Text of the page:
Do you get feedback from the private sector as to what DHS should be working on?
Sachs: We get a lot of feedback. We try to get to as many events as possible, such as the North American Network Operators Group. It gives us the opportunity to talk with several hundred ISPs, equipment manufacturers and other vendors that are there. We've also hosted some emerging security technology forums. We just had a tech forum with about 75 CEOs, CFOs, CIOs and others from around the Menlo Park area, who gave us some really neat ideas on things that they would like to have Homeland Security working on. Plus, from the corporate side, the ISPs, the telecoms and others are working with us on collaboration teams to provide DHS with the input for projects like DNS Sec, secure routing projects and others.
How do enterprises benefit from sharing information with DHS?
Sachs: Enterprises bring some really good stuff to the table. There's a lot of expertise in the enterprise world. There's a much broader view into what's happening commercially as well as what's happening with their customers. What the government brings to bear is the ability to integrate a lot of that information and facilitate cross-sector sharing that normally wouldn't happen within organizations or even within the same sector.
So, let's say you have two banks. The ability of those two banks to cooperatively share information is hard, but if both of them have shared with the government and the government can share a larger sector view point back, then they benefit from the fact that the government acts as the safe mediator. Plus, the government can bring in test beds and other types of expertise that the private sector may be limited or restricted to because of regulatory requirements and other restrictions that they might be under.
What role does the private sector play in DHS' research projects?
Sachs: Homeland Security gets its requirements from several places. To satisfy those requirements, we have to partner with the general public, with industries, with academia and many others. There are a number of companies that Homeland has funded. We work directly with these companies. They bring to us great insight because these are real life companies--these are not just little start-ups. They're out there making money and struggling just like everyone else is. They are our forward observer eyes--those organizations that are way out in front and can bring back some good intelligence tell us what's really happening in the business world and can tell us what the real requirements are, not necessarily what the bureaucrats might see.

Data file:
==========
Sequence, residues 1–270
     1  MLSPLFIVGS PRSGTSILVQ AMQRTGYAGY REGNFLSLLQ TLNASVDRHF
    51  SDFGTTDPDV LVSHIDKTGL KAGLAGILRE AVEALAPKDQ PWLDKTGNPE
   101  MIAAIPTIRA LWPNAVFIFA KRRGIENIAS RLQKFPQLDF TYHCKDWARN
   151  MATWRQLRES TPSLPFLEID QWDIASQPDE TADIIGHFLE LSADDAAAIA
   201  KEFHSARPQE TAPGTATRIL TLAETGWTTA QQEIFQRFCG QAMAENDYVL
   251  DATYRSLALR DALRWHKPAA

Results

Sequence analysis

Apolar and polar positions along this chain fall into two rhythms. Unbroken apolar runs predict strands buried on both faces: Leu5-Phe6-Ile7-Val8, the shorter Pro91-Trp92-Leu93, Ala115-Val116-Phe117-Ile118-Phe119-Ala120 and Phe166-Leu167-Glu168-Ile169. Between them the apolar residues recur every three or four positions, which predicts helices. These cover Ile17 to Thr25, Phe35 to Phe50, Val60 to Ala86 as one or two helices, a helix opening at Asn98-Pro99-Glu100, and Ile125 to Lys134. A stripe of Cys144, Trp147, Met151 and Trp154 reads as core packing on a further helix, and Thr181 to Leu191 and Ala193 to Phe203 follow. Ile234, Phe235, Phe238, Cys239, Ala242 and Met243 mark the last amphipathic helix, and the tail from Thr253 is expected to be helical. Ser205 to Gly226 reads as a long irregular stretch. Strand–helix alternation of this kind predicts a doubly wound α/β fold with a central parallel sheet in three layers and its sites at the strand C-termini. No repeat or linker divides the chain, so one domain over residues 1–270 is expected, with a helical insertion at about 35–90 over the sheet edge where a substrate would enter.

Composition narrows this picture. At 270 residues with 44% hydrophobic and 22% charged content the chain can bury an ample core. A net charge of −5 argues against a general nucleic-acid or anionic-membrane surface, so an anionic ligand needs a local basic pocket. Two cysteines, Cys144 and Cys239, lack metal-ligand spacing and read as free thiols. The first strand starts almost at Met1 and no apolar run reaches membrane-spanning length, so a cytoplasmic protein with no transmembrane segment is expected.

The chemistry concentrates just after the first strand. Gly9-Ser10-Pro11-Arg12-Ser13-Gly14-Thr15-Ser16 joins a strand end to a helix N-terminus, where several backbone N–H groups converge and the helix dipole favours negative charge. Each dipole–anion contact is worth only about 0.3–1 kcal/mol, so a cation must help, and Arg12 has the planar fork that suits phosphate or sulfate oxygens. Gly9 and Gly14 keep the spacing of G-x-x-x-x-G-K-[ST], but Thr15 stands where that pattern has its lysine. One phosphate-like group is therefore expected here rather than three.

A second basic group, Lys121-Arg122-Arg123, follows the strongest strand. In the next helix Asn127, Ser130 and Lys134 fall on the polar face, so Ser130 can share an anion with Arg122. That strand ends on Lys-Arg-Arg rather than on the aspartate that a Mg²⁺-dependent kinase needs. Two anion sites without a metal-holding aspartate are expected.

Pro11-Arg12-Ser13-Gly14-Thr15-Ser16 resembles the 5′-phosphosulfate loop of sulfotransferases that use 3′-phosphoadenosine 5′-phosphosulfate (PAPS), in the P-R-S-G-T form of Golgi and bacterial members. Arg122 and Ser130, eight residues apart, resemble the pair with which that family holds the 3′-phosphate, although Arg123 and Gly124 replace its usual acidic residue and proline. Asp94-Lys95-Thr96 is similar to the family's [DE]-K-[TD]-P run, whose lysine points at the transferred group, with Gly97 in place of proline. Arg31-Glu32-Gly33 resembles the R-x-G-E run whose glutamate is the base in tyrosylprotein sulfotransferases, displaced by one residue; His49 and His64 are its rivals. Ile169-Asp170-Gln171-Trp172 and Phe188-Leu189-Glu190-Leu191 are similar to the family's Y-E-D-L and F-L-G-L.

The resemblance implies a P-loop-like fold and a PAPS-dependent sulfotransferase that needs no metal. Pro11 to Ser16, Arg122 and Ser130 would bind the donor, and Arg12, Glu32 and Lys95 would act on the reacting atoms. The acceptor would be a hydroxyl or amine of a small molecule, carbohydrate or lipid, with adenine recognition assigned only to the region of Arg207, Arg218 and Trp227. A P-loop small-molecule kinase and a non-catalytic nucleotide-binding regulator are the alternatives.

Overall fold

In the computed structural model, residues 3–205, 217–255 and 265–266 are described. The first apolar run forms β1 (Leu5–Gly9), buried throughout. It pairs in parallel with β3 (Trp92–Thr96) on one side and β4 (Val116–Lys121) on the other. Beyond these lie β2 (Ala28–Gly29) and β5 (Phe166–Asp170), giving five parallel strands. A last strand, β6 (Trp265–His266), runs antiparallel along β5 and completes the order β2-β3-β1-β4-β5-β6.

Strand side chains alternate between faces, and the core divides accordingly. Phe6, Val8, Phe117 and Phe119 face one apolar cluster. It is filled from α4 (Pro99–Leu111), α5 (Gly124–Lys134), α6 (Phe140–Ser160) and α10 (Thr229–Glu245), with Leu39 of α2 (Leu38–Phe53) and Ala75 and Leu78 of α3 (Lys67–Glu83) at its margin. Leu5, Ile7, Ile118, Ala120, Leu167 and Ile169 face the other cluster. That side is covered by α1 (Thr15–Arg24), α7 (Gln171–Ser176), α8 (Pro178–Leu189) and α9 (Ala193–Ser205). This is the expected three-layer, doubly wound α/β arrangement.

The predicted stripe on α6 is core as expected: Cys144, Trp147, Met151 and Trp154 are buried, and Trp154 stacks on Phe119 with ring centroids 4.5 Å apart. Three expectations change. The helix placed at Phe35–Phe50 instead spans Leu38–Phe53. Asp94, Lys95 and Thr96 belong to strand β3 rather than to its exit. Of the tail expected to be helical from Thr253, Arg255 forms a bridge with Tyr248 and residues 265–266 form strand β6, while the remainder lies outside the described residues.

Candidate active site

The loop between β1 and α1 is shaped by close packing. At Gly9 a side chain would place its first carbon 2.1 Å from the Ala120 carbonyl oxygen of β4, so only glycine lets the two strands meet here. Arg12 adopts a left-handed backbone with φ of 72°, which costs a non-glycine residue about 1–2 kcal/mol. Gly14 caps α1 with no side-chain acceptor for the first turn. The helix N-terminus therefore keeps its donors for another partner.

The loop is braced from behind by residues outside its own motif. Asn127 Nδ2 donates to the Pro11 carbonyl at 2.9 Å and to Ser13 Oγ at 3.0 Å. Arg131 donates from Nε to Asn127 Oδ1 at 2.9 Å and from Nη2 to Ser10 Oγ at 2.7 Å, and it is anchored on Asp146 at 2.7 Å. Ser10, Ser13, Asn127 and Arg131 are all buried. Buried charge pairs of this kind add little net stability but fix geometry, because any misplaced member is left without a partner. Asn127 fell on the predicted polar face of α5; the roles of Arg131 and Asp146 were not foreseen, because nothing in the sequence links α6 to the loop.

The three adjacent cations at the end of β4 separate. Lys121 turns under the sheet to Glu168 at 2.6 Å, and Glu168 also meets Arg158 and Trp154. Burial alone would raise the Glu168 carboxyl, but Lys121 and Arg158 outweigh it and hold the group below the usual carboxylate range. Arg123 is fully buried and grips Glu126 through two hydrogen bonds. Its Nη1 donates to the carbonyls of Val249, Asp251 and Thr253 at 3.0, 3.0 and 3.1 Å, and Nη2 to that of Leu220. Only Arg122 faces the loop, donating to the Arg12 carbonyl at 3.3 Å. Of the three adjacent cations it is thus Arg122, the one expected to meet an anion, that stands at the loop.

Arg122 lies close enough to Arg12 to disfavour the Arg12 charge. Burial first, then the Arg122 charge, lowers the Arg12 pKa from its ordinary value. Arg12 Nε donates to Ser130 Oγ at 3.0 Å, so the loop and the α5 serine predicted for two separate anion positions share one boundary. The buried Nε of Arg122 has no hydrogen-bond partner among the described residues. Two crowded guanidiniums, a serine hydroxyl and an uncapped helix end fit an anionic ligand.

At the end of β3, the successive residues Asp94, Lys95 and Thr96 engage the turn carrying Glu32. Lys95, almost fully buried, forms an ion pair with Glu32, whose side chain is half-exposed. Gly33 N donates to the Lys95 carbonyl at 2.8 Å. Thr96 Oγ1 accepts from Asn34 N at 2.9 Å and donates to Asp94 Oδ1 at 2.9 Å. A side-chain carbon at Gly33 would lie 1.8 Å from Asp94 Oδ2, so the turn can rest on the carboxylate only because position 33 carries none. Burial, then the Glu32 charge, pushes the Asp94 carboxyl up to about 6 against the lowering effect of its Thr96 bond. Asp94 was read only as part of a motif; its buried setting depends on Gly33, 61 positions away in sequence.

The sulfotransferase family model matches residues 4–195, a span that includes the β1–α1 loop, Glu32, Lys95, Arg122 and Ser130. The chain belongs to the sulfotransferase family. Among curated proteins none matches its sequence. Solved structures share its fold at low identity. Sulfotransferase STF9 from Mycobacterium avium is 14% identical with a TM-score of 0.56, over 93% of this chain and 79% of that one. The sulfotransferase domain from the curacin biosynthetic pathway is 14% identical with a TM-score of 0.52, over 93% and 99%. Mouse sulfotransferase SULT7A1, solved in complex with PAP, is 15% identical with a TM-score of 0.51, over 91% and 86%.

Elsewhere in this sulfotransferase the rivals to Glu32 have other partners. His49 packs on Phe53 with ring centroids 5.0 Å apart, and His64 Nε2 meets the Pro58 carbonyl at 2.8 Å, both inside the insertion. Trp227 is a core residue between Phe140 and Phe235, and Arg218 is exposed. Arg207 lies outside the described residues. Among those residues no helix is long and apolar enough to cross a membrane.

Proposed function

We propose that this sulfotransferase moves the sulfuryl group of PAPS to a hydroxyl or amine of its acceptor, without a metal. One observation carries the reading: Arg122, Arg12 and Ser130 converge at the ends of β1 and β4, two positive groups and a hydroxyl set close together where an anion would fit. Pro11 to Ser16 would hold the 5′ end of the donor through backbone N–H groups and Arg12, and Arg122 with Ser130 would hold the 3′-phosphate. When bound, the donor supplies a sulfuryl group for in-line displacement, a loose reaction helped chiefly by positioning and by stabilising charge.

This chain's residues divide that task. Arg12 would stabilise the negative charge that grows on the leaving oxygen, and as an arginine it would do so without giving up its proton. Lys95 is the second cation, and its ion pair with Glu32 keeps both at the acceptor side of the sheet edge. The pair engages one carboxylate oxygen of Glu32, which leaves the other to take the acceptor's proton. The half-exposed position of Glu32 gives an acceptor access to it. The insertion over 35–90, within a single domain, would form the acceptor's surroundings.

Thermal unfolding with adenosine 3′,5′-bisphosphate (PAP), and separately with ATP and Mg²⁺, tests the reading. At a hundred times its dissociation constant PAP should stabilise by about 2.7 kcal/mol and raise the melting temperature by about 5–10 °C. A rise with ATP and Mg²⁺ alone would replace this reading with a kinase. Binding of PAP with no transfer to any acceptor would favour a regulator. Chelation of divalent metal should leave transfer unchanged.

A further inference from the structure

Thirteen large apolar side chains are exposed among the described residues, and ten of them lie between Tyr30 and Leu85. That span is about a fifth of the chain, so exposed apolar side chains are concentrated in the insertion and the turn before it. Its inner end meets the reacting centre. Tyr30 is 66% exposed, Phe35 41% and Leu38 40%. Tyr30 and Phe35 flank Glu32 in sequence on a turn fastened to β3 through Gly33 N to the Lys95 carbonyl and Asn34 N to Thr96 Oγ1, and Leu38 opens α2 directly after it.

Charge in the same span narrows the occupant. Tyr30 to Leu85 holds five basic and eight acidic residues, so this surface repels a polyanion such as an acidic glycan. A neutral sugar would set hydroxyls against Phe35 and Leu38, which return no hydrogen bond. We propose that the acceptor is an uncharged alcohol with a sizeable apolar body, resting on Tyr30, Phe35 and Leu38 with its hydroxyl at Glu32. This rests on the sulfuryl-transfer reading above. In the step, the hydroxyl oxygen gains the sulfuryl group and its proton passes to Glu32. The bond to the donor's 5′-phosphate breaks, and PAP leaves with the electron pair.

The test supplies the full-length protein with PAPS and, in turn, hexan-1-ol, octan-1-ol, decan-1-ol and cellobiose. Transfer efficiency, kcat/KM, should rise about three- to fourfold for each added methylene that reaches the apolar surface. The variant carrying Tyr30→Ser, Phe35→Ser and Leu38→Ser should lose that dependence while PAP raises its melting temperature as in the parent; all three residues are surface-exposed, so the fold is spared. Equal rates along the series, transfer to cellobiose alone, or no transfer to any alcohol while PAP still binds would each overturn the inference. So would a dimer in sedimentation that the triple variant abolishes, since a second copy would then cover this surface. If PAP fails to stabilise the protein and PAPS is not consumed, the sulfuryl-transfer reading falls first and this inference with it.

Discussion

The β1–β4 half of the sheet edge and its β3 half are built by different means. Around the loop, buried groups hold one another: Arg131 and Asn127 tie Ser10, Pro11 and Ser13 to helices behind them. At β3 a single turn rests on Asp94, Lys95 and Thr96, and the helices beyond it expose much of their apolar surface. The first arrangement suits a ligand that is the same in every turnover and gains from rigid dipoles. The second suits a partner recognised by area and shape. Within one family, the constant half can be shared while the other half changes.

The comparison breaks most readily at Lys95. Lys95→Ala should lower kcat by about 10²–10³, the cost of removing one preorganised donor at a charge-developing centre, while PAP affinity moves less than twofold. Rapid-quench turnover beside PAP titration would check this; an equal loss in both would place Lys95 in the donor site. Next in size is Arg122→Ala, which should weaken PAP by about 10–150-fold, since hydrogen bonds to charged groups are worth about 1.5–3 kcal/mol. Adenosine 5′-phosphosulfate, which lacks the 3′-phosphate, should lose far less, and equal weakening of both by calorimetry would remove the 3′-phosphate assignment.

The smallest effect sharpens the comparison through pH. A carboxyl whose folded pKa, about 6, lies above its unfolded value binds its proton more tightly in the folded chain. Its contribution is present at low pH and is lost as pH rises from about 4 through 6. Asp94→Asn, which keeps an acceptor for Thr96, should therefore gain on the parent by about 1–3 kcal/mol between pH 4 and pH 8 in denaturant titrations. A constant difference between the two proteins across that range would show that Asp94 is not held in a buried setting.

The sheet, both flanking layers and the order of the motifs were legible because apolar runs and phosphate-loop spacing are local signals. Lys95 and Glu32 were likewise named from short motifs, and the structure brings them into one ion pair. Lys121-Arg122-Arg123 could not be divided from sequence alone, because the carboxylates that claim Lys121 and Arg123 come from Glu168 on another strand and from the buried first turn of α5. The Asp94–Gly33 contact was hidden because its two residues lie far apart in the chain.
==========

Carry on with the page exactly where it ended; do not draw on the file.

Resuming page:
How does the private sector benefit from the research being done by DHS?
Sachs: It's imperative that those who work in the computer security world know that this research is not just about doing science and technology just for computer science's purpose. It's literally to save the Internet from itself. We are trying to create an environment where we can have e-commerce, trusted cyberspace, all the things we were dreaming of in the 90s when the dot com bubble was exploding but we can't have today because of all the insecurities. We risk losing all that stuff if we don't figure this out pretty quickly. That's where DHS and others in this space come together--seeing that vision of the future, recognizing that we can rebuild the Internet as securable as possible. But it has to be done not just by the government but as a true partnership. It's a public-private effort. The Internet doesn't belong to anyone in particular. It's not run by the US Government; in fact, it's not run by any government. It's run by everybody that uses it, and that requires everybody using it to step up to the plate and think about security.
How can security practitioners make a difference in the state of cybersecurity?
Sachs: The biggest thing the enterprise leader can do is set policy. Set forth good rules of the road to tell the employees exactly what they should and shouldn't be doing with their systems. And this is not something that starts down inside the server room. Good policy management starts up at the board of directors, starts with those who understand the risks to their company, the financial risks, the operational risks, the risks of staying in business tomorrow. Take all of that as good policy and then it makes it fairly straightforward for the network admins to know what their rules of the road are: what firewall rules to build in, what to look for in the IDS logs, what services to turn on or off. All they have to do is translate that policy into a technical way of doing business and their networks will be much more secure than their next-door neighbor's networks. The way we see most threats work their way out on the Internet, particularly those that are human generated, is they tend to go for the weaker target. So if you are more secure -- you'll never be perfectly secure -- but if you are more secure than somebody next to you, the threat goes after your neighbor and you live to fight another day. So, while perfect security is not attainable, you get pretty close if you start with good policy, good user education and awareness, and apply the technical best practices to bring all that into being.
About the author
Michael S. Mimoso is Senior Editor of Information Security magazine.
This was first published in December 2005